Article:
Development, structure, and function of a novel respiratory organ, the lung-air sac system of birds: to go where no other vertebrate has gone
ABSTRACT Among the air-breathing vertebrates, the avian respiratory apparatus, the lung-air sac system, is the most structurally complex and functionally efficient. After intricate morphogenesis, elaborate pulmonary vascular and airway (bronchial) architectures are formed. The crosscurrent, countercurrent, and multicapillary serial arterialization systems represent outstanding operational designs. The arrangement between the conduits of air and blood allows the respiratory media to be transported optimally in adequate measures and rates and to be exposed to each other over an extensive respiratory surface while separated by an extremely thin blood-gas barrier. As a consequence, the diffusing capacity (conductance) of the avian lung for oxygen is remarkably efficient. The foremost adaptive refinements are: (1) rigidity of the lung which allows intense subdivision of the exchange tissue (parenchyma) leading to formation of very small terminal respiratory units and consequently a vast respiratory surface; (2) a thin blood-gas barrier enabled by confinement of the pneumocytes (especially the type II cells) and the connective tissue elements to the atria and infundibulae, i.e. away from the respiratory surface of the air capillaries; (3) physical separation (uncoupling) of the lung (the gas exchanger) from the air sacs (the mechanical ventilators), permitting continuous and unidirectional ventilation of the lung. Among others, these features have created an incredibly efficient gas exchanger that supports the highly aerobic lifestyles and great metabolic capacities characteristic of birds. Interestingly, despite remarkable morphological heterogeneity in the gas exchangers of extant vertebrates at maturity, the processes involved in their formation and development are very similar. Transformation of one lung type to another is clearly conceivable, especially at lower levels of specialization. The crocodilian (reptilian) multicameral lung type represents a Bauplan from which the respiratory organs of nonavian theropod dinosaurs and the lung-air sac system of birds appear to have evolved. However, many fundamental aspects of the evolution, development, and even the structure and function of the avian respiratory system still remain uncertain.
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ABSTRACT: We employed macroscopic and ultrastructural techniques as well as intratracheal casting methods to investigate the pattern of development, categories, and arrangement of the air conduits in the chicken lung. The secondary bronchi included four medioventral (MVSB), 7-10 laterodorsal (LDSB), 1-3 lateroventral (LVSB), several sacobronchi, and 20-60 posterior secondary bronchi (POSB). The latter category has not been described before and is best discerned from the internal aspect of the mesobronchus. The secondary bronchi emerged directly from the mesobronchus, except for the sacobronchi, which sprouted from the air sacs. Parabronchi from the first MVSB coursed craniodorsally and inosculated their cognates from the first two LDSB. The parabronchi from the rest of the LDSB curved dorsomedially to join those from the rest of the MVSB at the dorsal border. Sprouting, migration, and anastomoses of the paleopulmonic parabronchi resulted in two groups of these air conduits; a cranial group oriented rostrocaudally and a dorsal group oriented dorsoventrally. The neopulmonic parabronchial network formed through profuse branching and anastomoses and occupied the ventrocaudal quarter of the lung. There were no differences in the number of secondary bronchi between the left and right lungs. Notably, a combination of several visualization techniques is requisite to adequately identify and enumerate all the categories of secondary bronchi present. The 3D arrangement of the air conduits ensures a sophisticated system, suitable for efficient gas exchange. Microsc. Res. Tech., 2008. (c) 2008 Wiley-Liss, Inc.Microscopy Research and Technique 09/2008; 71(9):689-702. DOI:10.1002/jemt.20608 · 1.17 Impact Factor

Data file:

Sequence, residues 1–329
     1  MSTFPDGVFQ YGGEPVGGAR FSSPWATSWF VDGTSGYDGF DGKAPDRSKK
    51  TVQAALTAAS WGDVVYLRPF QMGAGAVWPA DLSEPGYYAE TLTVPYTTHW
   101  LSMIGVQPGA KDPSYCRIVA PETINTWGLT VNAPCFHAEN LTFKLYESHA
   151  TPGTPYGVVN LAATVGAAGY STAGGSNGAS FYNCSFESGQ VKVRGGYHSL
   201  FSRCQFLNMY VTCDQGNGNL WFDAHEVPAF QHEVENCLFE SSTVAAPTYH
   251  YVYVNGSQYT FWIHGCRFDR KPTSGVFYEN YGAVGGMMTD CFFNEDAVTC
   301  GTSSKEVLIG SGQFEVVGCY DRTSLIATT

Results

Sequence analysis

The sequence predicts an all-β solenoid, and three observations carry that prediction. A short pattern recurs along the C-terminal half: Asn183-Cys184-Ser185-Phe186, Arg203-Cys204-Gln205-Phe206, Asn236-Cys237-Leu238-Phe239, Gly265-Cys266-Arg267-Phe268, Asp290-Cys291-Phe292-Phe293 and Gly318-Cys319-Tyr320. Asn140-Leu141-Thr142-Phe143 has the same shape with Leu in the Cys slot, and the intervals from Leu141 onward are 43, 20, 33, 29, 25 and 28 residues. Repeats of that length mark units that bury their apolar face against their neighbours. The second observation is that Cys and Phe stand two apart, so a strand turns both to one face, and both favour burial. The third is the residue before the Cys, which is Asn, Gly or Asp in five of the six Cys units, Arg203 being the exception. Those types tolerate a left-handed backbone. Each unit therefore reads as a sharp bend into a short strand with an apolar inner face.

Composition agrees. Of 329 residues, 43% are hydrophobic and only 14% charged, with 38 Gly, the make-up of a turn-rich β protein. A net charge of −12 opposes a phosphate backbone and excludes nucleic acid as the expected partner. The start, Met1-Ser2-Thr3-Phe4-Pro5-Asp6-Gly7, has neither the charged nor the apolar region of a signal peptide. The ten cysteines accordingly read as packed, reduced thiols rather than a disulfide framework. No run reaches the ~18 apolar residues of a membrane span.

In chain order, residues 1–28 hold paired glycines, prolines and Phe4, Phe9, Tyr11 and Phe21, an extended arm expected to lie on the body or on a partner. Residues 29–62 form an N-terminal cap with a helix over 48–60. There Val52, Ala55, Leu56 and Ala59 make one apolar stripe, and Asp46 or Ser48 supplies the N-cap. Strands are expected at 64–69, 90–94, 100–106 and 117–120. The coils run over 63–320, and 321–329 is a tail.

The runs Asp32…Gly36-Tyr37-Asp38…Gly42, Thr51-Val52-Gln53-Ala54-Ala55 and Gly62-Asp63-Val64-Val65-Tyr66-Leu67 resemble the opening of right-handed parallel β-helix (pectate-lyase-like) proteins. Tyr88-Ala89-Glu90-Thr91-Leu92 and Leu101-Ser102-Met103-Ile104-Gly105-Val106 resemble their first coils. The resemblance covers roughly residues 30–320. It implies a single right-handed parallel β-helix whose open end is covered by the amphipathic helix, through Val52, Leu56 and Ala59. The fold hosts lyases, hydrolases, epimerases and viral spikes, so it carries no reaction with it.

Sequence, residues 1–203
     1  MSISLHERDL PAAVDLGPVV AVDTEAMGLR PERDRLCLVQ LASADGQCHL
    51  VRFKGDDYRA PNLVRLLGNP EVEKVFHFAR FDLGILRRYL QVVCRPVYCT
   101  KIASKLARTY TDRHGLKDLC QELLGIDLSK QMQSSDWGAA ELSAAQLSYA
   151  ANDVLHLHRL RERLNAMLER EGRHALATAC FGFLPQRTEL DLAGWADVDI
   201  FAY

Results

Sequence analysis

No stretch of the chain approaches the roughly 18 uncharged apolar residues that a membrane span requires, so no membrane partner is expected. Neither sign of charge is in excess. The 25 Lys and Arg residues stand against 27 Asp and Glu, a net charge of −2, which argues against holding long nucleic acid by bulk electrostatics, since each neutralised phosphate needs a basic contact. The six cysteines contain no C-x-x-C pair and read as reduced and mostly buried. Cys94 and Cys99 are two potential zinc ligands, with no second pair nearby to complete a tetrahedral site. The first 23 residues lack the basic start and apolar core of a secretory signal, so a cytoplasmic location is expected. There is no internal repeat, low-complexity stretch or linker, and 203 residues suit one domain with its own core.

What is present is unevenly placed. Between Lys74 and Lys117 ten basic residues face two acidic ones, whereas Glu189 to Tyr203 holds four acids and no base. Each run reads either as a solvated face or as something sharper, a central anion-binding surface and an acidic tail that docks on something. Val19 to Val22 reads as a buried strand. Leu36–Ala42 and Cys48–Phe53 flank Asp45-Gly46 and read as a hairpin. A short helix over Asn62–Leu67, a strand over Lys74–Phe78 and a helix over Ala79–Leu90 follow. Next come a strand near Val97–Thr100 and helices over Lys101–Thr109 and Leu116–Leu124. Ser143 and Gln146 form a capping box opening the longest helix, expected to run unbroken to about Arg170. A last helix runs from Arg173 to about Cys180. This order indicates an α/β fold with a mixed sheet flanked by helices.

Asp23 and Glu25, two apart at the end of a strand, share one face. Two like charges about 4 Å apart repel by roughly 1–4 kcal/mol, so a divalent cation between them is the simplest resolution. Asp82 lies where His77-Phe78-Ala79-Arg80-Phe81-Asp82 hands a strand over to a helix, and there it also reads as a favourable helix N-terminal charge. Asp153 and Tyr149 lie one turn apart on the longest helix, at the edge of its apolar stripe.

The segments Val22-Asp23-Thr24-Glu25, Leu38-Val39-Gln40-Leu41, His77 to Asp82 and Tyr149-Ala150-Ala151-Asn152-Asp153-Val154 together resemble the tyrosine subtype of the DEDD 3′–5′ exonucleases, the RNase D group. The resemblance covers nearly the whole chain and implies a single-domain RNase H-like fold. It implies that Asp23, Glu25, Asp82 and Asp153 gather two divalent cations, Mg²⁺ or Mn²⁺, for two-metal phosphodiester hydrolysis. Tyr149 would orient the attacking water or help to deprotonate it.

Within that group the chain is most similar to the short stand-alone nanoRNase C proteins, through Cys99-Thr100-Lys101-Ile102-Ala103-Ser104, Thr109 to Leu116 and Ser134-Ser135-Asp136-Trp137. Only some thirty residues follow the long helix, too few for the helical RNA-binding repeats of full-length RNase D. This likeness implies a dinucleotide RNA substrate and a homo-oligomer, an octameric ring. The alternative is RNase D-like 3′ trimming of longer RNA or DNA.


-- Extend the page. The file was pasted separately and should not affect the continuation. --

Conference Paper: Dual band operation of the relativistic BWO[Show abstract] [Hide abstract]
ABSTRACT: The possibility of dual-band signal using relativistic backward wave oscillator with a slow-wave system excited by a single beam was described. We demonstrate that a regime of generation at several close frequencies with the same transverse field structure can be rather simply realized in a sectioned system with a stepwise variation of mismatch between the beam and synchronous wave. In this case of high-power relativistic BWO with the microwave system representing sections of a corrugated waveguide, a change of synchronism conditions can provided by variation of the corrugation period.Vacuum Electronics, 2003 4th IEEE International Conference on; 06/2003
Conference Paper: Wideband dual polarized planar antenna arrays[Show abstract] [Hide abstract]
ABSTRACT: The paper presents a novel design of planar multilayered microstrip antenna arrays using aperture-coupled stacked patch radiating elements with dual polarization capability. Frequency bandwidth of up to 26% (VSWR < 2:1), isolation between orthogonally polarized channels better than 30 dB and level of cross-polarization better than -30 dB have been achieved in both E- and H-planes of radiation pattern for the two orthogonal linear polarizations. Numerical results obtained by FDTD computer simulations are compared with measured characteristics of a manufactured antenna samples, operating in frequency bands from 0.9 to 15 GHz.Antenna Theory and Techniques, 2003. 4th International Conference on; 10/2003